By Dorsey Armstrong, Ph.D., Purdue University
In the middle of the 14th century, one of the most devastating events in human history wiped out half of Europe’s population. The most likely cause for this pandemic—the Bubonic Plague, caused by the Yersinia Pestis bacterium—started in Asia and made its way west, south, northwest, and then looped around back east, tightening around the medieval European world like a noose.
The Italian Peninsula—in its prime position extending down into the Mediterranean and connected to the European landmass—had been a center of trade for centuries.
However, Italy was far from unified at this point. In effect, it was a collection of city-states, each fiercely independent and with its own self-contained government, guild system, military, and economic interests.
This is a transcript from the video series The Black Death: The World’s Most Devastating Plague. Watch it now, on Wondrium.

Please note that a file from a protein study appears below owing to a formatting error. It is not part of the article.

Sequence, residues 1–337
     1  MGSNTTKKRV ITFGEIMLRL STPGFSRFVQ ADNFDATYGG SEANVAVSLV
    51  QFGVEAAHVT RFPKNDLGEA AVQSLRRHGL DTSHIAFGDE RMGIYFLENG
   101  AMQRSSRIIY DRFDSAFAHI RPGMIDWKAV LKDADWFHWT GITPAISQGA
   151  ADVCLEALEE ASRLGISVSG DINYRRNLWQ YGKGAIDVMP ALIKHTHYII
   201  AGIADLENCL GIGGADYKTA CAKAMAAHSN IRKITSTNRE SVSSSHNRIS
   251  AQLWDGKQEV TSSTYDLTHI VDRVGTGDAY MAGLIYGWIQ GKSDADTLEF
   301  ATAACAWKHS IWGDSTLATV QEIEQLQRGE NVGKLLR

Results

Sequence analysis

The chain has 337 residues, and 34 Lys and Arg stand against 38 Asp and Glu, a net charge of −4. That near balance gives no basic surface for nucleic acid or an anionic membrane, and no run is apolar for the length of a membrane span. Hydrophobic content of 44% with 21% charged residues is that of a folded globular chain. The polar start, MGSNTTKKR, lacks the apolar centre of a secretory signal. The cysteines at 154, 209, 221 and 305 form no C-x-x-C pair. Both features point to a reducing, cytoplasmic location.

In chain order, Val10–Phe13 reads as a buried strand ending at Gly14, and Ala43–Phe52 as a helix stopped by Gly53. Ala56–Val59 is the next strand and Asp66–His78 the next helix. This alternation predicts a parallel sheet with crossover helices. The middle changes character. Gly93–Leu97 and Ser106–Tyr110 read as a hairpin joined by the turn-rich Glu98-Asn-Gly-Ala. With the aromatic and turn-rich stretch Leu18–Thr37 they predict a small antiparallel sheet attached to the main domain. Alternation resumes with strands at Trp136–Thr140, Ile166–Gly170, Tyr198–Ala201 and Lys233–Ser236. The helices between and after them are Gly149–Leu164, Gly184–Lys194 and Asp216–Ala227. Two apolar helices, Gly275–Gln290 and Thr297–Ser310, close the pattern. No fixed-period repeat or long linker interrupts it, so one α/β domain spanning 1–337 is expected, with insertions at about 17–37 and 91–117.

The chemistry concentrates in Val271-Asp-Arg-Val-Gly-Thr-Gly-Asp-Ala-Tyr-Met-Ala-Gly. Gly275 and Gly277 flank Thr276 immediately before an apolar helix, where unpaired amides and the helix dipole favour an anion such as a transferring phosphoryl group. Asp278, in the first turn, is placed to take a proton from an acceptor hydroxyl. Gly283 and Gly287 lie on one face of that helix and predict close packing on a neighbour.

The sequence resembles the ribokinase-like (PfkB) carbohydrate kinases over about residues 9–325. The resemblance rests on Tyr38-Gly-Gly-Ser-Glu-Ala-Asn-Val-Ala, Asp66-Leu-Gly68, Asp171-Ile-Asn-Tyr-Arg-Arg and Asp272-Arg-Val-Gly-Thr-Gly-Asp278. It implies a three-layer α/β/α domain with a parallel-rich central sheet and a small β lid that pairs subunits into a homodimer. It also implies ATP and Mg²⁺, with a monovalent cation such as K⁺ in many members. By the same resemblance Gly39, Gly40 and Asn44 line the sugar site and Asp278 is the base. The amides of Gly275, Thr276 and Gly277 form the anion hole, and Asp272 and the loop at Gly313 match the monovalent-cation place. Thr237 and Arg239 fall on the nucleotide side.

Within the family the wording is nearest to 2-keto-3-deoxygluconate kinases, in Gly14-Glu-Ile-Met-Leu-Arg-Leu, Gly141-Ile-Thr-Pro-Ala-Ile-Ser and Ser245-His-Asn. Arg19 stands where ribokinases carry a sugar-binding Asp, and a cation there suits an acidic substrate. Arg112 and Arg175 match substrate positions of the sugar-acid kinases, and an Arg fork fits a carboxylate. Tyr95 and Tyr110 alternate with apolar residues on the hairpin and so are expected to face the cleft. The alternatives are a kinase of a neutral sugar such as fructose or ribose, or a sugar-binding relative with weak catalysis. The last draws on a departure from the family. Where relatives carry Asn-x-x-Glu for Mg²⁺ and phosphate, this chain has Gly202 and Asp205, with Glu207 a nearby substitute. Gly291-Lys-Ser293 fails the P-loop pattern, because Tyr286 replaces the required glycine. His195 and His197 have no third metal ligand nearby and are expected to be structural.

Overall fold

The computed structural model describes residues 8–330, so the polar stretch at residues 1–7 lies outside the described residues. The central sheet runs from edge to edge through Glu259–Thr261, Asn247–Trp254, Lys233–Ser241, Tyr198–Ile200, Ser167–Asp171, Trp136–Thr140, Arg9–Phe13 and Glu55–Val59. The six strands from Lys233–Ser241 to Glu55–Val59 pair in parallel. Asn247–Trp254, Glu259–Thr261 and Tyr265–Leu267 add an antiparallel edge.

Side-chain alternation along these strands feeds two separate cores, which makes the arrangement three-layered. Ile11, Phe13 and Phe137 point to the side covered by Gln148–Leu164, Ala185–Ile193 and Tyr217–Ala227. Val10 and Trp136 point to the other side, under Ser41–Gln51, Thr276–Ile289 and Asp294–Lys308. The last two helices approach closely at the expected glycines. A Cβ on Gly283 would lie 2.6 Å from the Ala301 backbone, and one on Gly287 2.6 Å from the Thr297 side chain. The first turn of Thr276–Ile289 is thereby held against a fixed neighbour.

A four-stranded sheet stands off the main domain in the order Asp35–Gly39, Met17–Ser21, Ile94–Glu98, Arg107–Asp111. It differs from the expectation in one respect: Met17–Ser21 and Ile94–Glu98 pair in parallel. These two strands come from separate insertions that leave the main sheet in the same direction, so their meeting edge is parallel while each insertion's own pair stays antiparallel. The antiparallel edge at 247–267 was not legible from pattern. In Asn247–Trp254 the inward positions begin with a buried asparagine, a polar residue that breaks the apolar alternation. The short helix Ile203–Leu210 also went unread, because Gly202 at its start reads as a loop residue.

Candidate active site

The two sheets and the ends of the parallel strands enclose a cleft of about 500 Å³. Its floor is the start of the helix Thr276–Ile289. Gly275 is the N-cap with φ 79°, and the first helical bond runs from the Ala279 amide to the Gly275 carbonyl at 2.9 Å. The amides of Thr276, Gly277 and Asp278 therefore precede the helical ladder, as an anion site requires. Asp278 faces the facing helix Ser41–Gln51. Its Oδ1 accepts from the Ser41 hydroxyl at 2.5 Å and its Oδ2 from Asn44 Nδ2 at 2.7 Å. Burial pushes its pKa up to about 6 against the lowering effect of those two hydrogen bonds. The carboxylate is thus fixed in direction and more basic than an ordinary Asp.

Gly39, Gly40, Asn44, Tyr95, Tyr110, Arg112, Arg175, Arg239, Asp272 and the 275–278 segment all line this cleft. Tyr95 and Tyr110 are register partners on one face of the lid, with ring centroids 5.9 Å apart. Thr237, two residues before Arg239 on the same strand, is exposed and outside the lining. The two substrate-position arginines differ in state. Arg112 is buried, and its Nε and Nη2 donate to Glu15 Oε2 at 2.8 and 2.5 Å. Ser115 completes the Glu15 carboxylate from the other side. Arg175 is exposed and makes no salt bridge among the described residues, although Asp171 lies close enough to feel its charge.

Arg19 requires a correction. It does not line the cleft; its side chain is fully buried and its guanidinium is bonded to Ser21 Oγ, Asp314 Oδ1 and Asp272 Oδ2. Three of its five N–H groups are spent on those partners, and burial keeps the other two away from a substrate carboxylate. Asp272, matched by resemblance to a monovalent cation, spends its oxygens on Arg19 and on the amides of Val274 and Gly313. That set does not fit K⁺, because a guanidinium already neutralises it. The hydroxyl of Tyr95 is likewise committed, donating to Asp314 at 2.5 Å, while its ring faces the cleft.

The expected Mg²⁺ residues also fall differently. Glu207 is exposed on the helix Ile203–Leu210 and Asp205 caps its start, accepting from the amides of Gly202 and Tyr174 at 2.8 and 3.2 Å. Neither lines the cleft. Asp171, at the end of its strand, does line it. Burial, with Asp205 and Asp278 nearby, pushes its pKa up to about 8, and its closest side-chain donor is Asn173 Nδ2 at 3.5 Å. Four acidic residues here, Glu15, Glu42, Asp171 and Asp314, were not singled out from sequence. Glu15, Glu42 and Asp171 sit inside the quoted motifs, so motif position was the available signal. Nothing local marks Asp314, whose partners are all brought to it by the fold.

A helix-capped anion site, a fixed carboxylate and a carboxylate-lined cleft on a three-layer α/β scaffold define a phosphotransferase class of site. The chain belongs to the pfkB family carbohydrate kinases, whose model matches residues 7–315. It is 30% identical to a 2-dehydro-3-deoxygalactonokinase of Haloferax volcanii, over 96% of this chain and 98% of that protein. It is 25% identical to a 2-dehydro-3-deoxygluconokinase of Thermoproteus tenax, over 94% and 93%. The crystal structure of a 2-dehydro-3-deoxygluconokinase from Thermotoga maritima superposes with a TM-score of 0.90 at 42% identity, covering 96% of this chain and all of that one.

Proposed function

The Golden Horde
In the year 1266, a group of Genoese traders and merchants established a center of trade at a place called Caffa (Feodosia today). This port city is on the Crimean Peninsula, on the Black Sea. To set up a trading center there, the Genoese had to enter into an agreement with the local rulers of that area—the Tatars, also called Mongols or the Golden Horde.
Caffa was critical for international trading. From the Italian Peninsula, Genoese and other merchants would move from the Mediterranean into the Aegean Sea; and from there, through the Dardanelles into the Sea of Marmara; then through the Bosporus into the Black Sea, where they could enter Caffa.
From there, they could move into the Sea of Azov. They also had established an outpost in the northeast corner of the Sea of Azov (called Tana back then). From Tana, they could extend their trade route both overland into the Middle East and along the Don River into Russia.
Hostilities with the Mongols
It was an extensive and profitable network, but relations between the Mongols and the traders were often tense. A historically important hostility took place in 1307 when Toqtai Khan arrested most of the Italian traders who were then in the Mongol capital of Sarai, and then he laid siege to Caffa.